Cadel Evans remained in contention for the Tour de France yellow jersey after surviving a hectic finale to the third stage of the race where American Tyler Farrar broke his duck on Monday.
Farrar, competing barely a month after the death of his best friend Wouter Weylandt at the Giro d’Italia, finished off the fine lead-out work of his Garmin-Cervelo team to hand them their second victory in as many days.
With Thor Hushovd having pulled on the yellow jersey after Sunday’s 23km team time-trial in Les Essarts, the Norwegian will wear it into the fourth stage from Lorient to Brittany.
However, he is expected to hand it over to Evans, only one second off the pace and one of the few riders in the top 10 physically capable of challenging stage favourite Philippe Gilbert of Belgium on the hilly finish to stage four.
Although Australia’s 2009 world champion, a runner-up in 2007 and 2009, would rather leave Paris with the yellow jersey on July 24, it could come earlier than expected.
Evans said positioning and staying out of trouble will be important on Tuesday’s stage, which finishes with a two-kilometre ascent of the Mur de Bretagne.
“Getting into a good position in the final is always the best way to make time, which is a similar sort of tactic we used on the first stage,” said Evans.
Gilbert, who finished three seconds ahead of the Australian to win Saturday’s opening stage atop the Mont des Alouettes and take yellow, is 33sec off the pace in 29th.
He said: “Logically, you have to think that the next yellow jersey wearer will be Cadel Evans. I could maybe finished five or six seconds ahead of him maximum and that’s not enough for me to take the jersey again.”
As well as allowing him to celebrate his first win in the race, Farrar’s victory has given hope to the other sprinters demoralised by Mark Cavendish and his HTC-Highroad team.
Cavendish, a 15-time stage winner in the past three years, had a powerful lead-in to the finale.
However, the Isle of Man rider found the going tough after a final bend forced many riders to slow down and lose momentum. Despite a late burst, he could only finish fifth.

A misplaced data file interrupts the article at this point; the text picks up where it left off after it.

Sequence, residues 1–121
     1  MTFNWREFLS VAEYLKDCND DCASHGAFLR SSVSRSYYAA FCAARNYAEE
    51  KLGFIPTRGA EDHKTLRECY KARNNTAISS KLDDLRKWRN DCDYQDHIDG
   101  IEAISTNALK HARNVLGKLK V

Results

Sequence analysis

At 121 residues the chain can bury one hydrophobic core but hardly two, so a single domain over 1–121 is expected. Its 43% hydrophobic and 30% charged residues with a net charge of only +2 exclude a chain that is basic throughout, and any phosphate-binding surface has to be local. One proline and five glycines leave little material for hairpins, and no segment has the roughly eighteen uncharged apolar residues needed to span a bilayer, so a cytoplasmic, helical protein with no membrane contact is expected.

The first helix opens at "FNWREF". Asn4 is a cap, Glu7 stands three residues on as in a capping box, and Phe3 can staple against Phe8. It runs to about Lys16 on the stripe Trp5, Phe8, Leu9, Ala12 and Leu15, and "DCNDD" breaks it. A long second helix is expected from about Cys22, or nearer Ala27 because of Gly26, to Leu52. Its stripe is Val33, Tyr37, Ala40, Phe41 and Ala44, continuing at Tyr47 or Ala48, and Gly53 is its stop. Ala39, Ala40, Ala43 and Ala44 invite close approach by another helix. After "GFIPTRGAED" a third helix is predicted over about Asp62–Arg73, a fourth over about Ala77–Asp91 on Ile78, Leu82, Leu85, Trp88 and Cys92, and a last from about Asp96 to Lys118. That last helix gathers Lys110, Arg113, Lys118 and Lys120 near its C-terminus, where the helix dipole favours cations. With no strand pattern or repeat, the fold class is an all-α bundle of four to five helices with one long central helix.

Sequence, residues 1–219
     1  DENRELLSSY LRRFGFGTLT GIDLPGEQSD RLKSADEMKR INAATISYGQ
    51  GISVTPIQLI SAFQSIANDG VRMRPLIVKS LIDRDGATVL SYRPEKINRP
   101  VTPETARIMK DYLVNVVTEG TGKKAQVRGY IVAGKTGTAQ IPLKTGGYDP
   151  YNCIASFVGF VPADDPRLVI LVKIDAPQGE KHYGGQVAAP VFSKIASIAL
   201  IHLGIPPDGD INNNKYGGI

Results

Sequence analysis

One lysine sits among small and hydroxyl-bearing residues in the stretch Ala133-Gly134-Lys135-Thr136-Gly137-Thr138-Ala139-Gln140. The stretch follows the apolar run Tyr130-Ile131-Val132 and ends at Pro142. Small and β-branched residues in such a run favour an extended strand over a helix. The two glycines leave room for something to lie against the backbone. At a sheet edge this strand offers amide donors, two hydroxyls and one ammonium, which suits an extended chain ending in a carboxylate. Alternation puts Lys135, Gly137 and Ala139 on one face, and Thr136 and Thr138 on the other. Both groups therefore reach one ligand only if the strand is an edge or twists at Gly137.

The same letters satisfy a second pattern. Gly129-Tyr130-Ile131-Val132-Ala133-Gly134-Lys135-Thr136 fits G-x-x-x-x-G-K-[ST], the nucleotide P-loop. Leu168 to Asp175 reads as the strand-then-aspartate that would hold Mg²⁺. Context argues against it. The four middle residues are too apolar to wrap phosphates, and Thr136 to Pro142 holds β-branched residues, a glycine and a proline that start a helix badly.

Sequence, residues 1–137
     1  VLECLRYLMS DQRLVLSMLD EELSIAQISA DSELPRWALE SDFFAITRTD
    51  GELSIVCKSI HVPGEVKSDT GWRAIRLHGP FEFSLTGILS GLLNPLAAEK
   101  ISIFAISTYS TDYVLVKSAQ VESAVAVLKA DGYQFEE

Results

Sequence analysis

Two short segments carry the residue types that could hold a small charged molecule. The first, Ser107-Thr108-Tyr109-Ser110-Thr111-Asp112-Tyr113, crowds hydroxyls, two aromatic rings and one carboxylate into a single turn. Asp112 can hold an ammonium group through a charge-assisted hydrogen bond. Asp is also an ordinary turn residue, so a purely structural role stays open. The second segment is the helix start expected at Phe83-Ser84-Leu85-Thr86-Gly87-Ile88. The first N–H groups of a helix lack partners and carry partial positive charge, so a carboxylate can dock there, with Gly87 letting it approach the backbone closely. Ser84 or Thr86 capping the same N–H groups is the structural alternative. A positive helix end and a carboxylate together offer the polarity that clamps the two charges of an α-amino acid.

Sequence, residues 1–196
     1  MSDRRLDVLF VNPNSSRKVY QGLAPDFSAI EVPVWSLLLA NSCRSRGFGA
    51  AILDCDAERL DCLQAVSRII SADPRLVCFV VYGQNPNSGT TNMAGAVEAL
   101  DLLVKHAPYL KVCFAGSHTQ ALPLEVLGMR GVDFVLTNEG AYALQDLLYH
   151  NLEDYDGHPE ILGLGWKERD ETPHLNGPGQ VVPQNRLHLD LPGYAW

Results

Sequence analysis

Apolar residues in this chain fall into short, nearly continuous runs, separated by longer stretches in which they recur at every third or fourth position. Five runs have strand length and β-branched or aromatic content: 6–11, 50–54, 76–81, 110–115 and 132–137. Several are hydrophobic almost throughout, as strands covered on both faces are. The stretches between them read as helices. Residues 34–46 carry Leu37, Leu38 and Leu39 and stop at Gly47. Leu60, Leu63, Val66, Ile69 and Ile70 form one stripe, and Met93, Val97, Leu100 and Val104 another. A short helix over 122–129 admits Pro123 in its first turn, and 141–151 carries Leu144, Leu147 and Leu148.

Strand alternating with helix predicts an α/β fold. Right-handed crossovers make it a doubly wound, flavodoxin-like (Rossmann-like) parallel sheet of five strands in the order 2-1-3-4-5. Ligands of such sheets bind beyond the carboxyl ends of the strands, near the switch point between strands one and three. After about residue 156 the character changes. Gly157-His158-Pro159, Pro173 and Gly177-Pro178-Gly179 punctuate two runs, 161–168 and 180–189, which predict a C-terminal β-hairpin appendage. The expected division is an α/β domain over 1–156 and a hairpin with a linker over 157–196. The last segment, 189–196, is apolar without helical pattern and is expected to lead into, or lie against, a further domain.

“I’m very disappointed. We took it on and we were left just a bit short with too far to go,” said Cavendish, who complained that eventual stage runner-up Romain Feillu had been like a “kamikaze”.
“I was fighting with (Jose Joaquin) Rojas into the last corner and kamikaze Feillu came flying in. He causes havoc in every sprint. He took me out on the last corner.”
Cavendish’s lead-out man Mark Renshaw, however, admitted they had miscalculated before then.
“We didn’t do anything right,” he told AFP. “We didn’t ride it perfect and we didn’t win because of it. We over-committed and we paid the price.
“I’m sure the teams have studied how we ride. It’s no secret, they’re catching up. But hopefully we can come back and win.”
Feillu was upbeat that Cavendish’s dominant team did not win.
“I’m happy that things are becoming a bit frayed, that we’re not subject to the domination of Cavendish,” said the Frenchman, whose team has no sprint train.
“Just because you’ve got a sprint train, it doesn’t entitle you to victory.”
Another HTC man, Tasmanian Matt Goss, echoed his team’s sentiments for the coming sprint stages.
“Unfortunately we got to the final a little bit early but as a whole we stayed together and rode well as a team,” said Goss.
“Sometimes things just don’t work out, but we’ve got plenty more chances and hopefully we’ll notch one up soon.”
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